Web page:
• Many consumers have been hurt due to the Ocr. 2nd changes. If you are a consumer focused loan officer there is no other conclusion. I am on the street in rural communities every day. Consumers were cut on both PLFs and by a hefty MI increase. Until we allow the heirs that choose to not retain the property to simply complete a deed in lieu and not deem these as foreclosures the numbers will always be wrong!

  • Let’s face it, the most important question for my clients is how much they are able to get to pay off the existing mortgage, set up a line of credit, or have monthly payments. Rates, heirs, upside down homes are all secondary or tertiary questions. Rates are seldom brought up. The current reduction of the PLF and increase in UMIP on lower utilization is having a deleterious effect on my clients. We simply are no longer able to assist as many folks as before. Bottom line.

    • True, true. In this age of “spin, spin, spin” there are those who can put lipstick on the 10/2 pig but I agree with those who say, “hmmm. A lot less money, larger upfront cost. Better for the consumer? Not most of them.”

  • As a loan originator for reverse mortgages, I see fewer seniors benefiting from a reverse today than a year ago. It is sad, especially when they need to tap the equity in their homes to help pay for at-home medical care. The point of a reverse is to use the equity in a home while one is alive, not to leave a larger estate.

  • Not to start-off on a negative fibe, but the silver-linings, outlined above, are a “real reach” of the sort that has come-out after every one of the recent changes to the HECM program.

    In fact, all the “new & improved” rationale presented by HUD/FHA for implementing these changes have been a real reach, so what can one expect.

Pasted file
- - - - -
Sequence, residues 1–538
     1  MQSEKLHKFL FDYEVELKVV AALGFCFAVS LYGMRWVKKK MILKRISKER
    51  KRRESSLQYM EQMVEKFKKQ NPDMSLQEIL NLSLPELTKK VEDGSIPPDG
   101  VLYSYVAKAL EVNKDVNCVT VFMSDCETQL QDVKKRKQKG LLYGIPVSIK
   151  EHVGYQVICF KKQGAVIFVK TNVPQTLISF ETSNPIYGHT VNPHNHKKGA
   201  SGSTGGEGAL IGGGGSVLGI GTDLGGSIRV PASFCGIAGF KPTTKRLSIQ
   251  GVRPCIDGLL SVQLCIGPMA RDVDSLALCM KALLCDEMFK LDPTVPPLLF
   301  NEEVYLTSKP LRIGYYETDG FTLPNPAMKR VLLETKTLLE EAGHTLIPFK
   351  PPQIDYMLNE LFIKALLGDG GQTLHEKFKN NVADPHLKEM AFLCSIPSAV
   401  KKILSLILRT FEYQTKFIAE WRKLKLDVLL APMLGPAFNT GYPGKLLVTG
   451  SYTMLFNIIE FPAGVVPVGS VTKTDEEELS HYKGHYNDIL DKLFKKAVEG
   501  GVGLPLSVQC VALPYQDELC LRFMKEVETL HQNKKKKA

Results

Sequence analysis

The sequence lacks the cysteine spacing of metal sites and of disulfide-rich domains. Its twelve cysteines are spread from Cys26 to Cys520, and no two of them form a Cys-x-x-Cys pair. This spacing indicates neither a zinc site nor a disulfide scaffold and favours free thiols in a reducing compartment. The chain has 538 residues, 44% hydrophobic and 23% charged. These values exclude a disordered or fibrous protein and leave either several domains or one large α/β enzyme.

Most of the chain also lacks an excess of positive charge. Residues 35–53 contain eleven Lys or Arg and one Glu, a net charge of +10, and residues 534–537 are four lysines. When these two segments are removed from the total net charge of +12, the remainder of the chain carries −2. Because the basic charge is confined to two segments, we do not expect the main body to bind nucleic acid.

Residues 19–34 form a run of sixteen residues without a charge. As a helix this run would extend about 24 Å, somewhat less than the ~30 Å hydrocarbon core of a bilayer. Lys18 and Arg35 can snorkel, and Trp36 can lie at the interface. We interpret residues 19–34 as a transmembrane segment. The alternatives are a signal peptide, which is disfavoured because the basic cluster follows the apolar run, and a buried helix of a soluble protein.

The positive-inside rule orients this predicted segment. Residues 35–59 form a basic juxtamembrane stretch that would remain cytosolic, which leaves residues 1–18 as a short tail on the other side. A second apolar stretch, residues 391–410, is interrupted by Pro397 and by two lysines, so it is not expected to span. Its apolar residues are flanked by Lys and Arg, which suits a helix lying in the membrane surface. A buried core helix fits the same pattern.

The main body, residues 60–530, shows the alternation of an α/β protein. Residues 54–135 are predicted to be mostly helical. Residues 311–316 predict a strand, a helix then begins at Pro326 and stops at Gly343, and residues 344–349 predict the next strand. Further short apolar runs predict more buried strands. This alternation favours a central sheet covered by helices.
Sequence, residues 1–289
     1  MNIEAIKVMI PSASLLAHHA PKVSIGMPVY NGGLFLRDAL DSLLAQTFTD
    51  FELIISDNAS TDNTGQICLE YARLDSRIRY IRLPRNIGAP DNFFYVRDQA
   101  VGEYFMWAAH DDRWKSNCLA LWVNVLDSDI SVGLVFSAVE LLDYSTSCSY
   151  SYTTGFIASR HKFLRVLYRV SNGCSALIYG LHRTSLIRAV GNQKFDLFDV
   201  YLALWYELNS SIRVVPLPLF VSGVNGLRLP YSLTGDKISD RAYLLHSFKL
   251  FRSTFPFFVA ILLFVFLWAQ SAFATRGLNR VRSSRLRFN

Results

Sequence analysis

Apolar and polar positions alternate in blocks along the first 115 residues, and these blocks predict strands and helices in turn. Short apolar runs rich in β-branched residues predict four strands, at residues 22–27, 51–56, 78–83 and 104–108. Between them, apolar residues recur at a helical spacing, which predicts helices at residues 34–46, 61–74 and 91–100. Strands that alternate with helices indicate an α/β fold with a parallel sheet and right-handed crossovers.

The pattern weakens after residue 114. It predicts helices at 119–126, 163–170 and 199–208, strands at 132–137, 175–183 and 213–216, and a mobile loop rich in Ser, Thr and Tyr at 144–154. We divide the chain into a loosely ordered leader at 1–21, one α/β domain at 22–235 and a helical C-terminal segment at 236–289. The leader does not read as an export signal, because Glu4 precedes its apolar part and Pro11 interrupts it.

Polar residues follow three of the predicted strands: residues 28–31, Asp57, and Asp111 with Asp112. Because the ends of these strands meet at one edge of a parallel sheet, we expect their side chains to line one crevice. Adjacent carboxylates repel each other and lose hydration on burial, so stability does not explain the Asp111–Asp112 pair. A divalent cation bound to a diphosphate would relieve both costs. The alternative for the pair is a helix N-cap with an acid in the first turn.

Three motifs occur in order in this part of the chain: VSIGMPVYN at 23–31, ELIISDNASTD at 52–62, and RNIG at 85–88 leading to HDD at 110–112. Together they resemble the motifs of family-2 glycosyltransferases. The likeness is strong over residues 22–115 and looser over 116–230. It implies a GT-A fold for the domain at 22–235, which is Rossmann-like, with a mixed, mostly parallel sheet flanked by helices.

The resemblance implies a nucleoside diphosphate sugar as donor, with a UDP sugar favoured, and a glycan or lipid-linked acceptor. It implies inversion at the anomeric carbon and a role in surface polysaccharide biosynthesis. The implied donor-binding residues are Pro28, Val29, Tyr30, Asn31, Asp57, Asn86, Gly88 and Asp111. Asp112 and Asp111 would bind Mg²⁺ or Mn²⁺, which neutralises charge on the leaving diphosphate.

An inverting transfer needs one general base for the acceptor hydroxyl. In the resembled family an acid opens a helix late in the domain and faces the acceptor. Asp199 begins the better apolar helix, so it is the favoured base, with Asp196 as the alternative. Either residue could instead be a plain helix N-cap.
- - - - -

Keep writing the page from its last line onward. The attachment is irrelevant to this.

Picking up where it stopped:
When the FA (Financial Assessment) change came, about three years ago, the best anyone seemed to be able prey out of it for something positive to say about this “squeeze play” without a realistic goal was: Well, it’ll help with “saving seniors from themselves;” if they’re (the seniors) not in a viable enough financial situation to carry-on with a HECM, the FA now will prevent them from qualifying in the first place.

    And here we are after the advent of the “October 2nd change” with articles-of-silver linings, again suggesting that a reduced value-to-loan rule is a good thing, because it will force seniors to increase home-equity because they can’t “get at it.”

    Problem: they want to get at it.

    It still seems that the best approach is to forget about the changes (unless you can “lobby-it-back”), and concentrate on what will always matter: Seniors need the cash flow. So, just display what they -can- do about that. They’re not going to need the cash flow any less because they can’t get at somewhat less cash than they could several years ago.

    The fundamental attractions of the HECM are: tax-free cash flow (or, “deferred,” for sticklers), government insured, the Line of Credit, non-recourse and retained-ownership. None of that’s changed: no silver lining required. And none of that you can get anywhere else, but through the HECM.

    Pitching to “What you can no longer do isn’t that bad because…” is just introducing pointless negativity. It’s not only a defensive approach, but at the same time condescending to seniors who’ll be surprised to learn just how irresponsible they can be without new HUD/FHA rules.

  • Agreed. The reduced ongoing MI does help to slow the growth, however the upfront increase, decreases avaliable cash to borrower as well as dissipation when needed. I see many consumers, that have incomes of 800 or less in rural communities that are good people and this product can have a positive impact on their life that are now unable to close. I credit as much as possible to help my clients.